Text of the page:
wed 10/08/2022

The Mill, Series 2, Channel 4 / The Lancaster: Britain's Flying Past, BBC Two | reviews, news & interviews

The Mill, Series 2, Channel 4 / The Lancaster: Britain's Flying Past, BBC Two

The Mill, Series 2, Channel 4 / The Lancaster: Britain's Flying Past, BBC Two

Return of 19th-century industrial saga is dingy, drab and didactic

It's grim down south: the Howlett family, economic migrants looking for work in the industrial north

Supposedly, The Mill [*] was Channel 4's highest-rating drama of 2013, and the viewers' reward is this second series. However, the secret of the success of this dour, dimly lit series is hard to fathom. Its attempt to convert the history of working-class protest during the Industrial Revolution into a plausible interplay of character is as teeth-gnashingly literal-minded as it was first time round.

Often, writer John Fay hardly seemed to bother with the "drama" part at all, as his screenplay lapsed into indigestible lumps of didacticism. This opening episode was a sustained campaign against the evils of capitalism, the Poor Law and the Corn Laws, and almost every line was a polemical announcement, like a slogan on an old Soviet poster. On the potential evils of mechanisation and its capacity to throw workers into poverty, we were told (by the union organiser and inventor Daniel Bate): "Machinery isn't the enemy here! It'll improve our lives when it's used properly." Wage cuts at the mill? "Blame the Corn Laws," said the overseer. "It's them that's strangling trade." And when Peter, the freed slave (played by Sope Dirisu, below), said the mill-workers' struggle wasn't his fight, Bates told him: "It's all our fight! We're ruled by the rich and they look after their own interests!"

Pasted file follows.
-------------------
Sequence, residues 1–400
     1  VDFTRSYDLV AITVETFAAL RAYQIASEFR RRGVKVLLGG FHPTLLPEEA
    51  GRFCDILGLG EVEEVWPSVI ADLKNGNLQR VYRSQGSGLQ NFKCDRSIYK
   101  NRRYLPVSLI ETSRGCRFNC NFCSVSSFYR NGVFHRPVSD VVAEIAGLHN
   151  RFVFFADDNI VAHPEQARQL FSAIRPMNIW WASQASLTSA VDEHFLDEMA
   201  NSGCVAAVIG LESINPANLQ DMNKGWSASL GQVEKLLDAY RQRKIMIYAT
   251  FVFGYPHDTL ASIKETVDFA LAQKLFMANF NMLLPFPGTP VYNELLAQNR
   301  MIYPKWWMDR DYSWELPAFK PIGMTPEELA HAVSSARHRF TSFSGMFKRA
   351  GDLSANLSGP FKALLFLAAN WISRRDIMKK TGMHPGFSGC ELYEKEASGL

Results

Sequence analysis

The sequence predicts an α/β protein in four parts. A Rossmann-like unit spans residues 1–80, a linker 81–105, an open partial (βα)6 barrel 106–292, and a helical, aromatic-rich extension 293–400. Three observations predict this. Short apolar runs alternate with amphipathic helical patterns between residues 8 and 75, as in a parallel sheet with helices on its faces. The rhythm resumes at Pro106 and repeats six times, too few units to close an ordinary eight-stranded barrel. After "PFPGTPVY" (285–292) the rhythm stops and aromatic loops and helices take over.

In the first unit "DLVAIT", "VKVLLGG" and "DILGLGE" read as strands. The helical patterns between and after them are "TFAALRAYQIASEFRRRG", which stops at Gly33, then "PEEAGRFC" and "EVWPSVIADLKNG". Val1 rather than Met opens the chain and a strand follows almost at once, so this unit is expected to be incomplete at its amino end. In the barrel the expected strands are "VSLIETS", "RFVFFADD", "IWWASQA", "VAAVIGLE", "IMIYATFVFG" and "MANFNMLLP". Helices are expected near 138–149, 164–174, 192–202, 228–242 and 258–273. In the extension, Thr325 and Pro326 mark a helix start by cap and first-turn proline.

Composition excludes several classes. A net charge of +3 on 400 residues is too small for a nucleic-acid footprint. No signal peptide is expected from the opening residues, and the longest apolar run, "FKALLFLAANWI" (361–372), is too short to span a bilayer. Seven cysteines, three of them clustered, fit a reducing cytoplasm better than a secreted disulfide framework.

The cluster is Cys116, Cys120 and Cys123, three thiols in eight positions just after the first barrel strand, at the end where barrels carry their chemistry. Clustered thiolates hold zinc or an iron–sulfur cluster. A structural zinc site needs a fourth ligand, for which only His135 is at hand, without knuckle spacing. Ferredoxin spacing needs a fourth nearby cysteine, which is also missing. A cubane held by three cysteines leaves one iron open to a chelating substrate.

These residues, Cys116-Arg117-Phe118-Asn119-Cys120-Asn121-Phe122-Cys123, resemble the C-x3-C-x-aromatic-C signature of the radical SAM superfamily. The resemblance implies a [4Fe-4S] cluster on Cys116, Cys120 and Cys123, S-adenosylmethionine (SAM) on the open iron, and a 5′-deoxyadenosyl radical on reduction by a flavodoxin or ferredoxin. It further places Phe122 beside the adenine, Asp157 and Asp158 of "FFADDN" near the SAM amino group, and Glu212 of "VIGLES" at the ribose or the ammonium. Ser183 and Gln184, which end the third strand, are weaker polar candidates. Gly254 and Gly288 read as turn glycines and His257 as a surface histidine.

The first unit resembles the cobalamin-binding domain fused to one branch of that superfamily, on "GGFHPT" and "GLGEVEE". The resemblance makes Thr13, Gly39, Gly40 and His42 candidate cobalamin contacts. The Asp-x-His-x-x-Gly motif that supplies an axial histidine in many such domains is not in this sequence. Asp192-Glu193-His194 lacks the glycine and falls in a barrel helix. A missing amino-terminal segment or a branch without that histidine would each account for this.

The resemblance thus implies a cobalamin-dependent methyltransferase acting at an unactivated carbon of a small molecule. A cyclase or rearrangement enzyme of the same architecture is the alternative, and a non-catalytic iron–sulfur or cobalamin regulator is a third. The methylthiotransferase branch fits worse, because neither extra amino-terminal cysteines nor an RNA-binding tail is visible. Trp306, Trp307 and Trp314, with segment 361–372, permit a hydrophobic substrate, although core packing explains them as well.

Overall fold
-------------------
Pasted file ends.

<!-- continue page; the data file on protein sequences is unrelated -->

Still, if Gordon Brown had been able to tear himself away from Scotland's "No" campaign to tune in, he would have heard some music to his ears about fiscal catastrophes from the campaigning orator John Doherty (Aidan McArdle), evidently a reader of Gordon's Big Book of Excuses. "The English labourer did not cause the downturn," declared he. "A banking crisis in America started it."

There was even a bit about that topical favourite, immigration, as poor rural labourers from the south of England flocked to Cheshire to find work. The surly bourgeois individualist John Howlett (Mark Frost), who can't abide the idea of trades unions, was soon clashing with Bate, who tried to turn the other cheek: "No-one's blaming you, you're a victim of the Poor Law."

Jeepers. This ain't drama, it's a policy paper from a consortium of socialist think-tanks. Did anybody actually try reading any of this doggerel out loud before rolling the cameras? Incidentally, there appeared to be an attempt at a joke, when a northern worker commented: "I know it's grim down south." I trust any such frivolity will be ruthlessly airbrushed from future episodes. Not that I'll be watching them.

I couldn't work out why we needed another film about the Lancaster bomber. In recent memory we've already had a reconstruction of the Dam Busters raid presented by Martin Shaw, Bomber Boys (in which Ewan McGregor and his brother Colin learned to fly a Lancaster) and The Dam Busters, in which a group of young RAF graduates replicated the fabled mission in a vintage Lanc (poster for the 1955 Dam Busters movie, below).

The Lancaster: Britain's Flying Past [**] was John Sergeant's personal ode to "the plane that won the war," as he put it, but it added nothing to the sum of knowledge about the aeroplane, Bomber Command or the Second World War in general. Sergeant wasn't having any nonsense about whether the RAF bombing campaign was a terrible waste of lives and resources (it was "incredibly effective", he declared), though he acknowledged that the destruction of Dresden "caused international outrage".

As Sergeant presented archive film of Lancasters being assembled at their Yeadon factory and tracked down former crew-members, the film felt like a hybrid of Long Lost Family, Time Team and Who Do You Think You Are? Its particular achievement was to discover a previously lost Lancaster which had been shot down into a lake near the German rocket research establishment at Peenemünde, enabling Sergeant to bring the daughter of one crewman for a belated, emotional visit to the site. But all things considered, this just seemed to be Sergeant enjoying a giant flying bunbury.

Did anybody actually try reading any of this doggerel out loud before rolling the cameras?

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